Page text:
When most people get stopped by the police, the protocol is the smile, drum up some witty banter and, possibly, cleavage, so they can go about their business. For them, being pulled over is anywhere from a minor inconvenience to a pain in the ass.
For Black people, it can be a matter of life and death, regardless of our actions. As I type, the Black community is in mourning. On June 16, the police officer that murdered Philando Castile walked out of courtroom a free man. By all accounts, Castile did everything right. He was also a beloved figure in his community. During that fateful traffic stop, he was polite and let the officer know he was carrying a legal gun. His fiancée, Diamond, was polite and obedient to the officer even as the world watched Castile bleed out via Facebook Live. Still, a jury saw fit to let the officer walk.
Two days after receiving that news, we learn that Charleena Lyles was shot by the police after calling them to report a burglary.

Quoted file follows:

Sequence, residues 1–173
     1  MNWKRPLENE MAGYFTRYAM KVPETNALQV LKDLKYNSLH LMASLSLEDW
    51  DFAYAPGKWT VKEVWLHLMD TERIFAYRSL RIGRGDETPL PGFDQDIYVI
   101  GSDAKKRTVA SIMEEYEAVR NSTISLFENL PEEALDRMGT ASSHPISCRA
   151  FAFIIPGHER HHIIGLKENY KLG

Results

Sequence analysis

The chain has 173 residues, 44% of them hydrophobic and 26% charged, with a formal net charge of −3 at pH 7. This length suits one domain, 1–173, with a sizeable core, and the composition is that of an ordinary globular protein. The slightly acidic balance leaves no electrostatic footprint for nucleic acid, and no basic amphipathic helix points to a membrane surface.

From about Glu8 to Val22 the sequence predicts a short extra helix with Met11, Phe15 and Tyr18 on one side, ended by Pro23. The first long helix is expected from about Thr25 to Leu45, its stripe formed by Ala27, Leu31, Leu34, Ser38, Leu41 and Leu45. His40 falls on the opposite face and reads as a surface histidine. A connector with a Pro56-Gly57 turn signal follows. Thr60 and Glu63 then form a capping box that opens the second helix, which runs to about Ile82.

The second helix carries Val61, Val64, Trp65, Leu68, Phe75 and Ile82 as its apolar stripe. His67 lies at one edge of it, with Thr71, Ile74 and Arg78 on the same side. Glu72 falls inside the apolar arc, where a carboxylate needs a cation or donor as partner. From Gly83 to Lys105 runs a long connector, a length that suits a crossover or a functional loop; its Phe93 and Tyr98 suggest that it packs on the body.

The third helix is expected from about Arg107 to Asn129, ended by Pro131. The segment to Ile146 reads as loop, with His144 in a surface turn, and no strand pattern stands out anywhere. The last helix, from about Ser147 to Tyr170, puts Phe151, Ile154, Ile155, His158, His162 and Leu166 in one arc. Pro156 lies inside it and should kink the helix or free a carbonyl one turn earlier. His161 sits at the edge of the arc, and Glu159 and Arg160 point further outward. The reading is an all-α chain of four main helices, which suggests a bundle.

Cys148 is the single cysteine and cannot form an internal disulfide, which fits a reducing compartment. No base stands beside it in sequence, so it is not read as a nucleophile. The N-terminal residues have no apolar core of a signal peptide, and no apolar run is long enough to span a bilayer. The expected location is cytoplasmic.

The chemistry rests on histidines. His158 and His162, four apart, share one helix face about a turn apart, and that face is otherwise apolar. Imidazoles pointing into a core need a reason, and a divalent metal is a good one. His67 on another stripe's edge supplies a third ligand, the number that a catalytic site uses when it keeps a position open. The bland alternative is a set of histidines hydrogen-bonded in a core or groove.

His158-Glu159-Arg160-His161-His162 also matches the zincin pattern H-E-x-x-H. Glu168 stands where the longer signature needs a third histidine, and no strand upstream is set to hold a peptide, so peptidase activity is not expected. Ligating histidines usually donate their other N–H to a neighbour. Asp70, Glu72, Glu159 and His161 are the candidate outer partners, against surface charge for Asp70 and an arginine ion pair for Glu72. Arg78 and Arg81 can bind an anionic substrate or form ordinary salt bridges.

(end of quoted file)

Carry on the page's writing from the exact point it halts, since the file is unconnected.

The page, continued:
These incidents follow a long history of violence and injustice that Black people have faced from the police and supposed justice system. Just being Black is hard enough, but when you’re noticeably queer or trans, the danger increases. According to a 2016 report done by the Solutions Not Punishment Collaborative, 80 percent of trans women of color reported being stopped by the Atlanta Police Department and nearly half of them said the cops assumed they were sex workers. In the same report, two out of five of the people surveyed ended up getting arrested after calling Atlanta Police for assistance.
These injustices are why the #NoJusticeNoPride movement was created. As the movement progresses, I’ve seen pictures of activists being arrested for disrupting Prides and white LGBT people cheer as they’re being led away in handcuffs. That imagery was jarring to me because it reminded me of the photos of Black students in the ’60s walking through crowds of snarling white people as they attempted to integrate a school. That’s shameful behavior at a celebration that was birthed from a damn riot!
The mere presence of the police at Pride celebrations is a threat. They aren’t there to keep us safe. Their purpose is the same as it was at Stonewall, to keep us in line. Atlanta Pride isn’t until October, but I hope #NoJusticeNoPride will have a presence. I’d rather see them than those tacky crosswalks. It’s time for Pride to return to its roots, and if it has to be dragged there kicking and screaming, so be it.
If we don’t get no justice, y’all don’t get no Pride.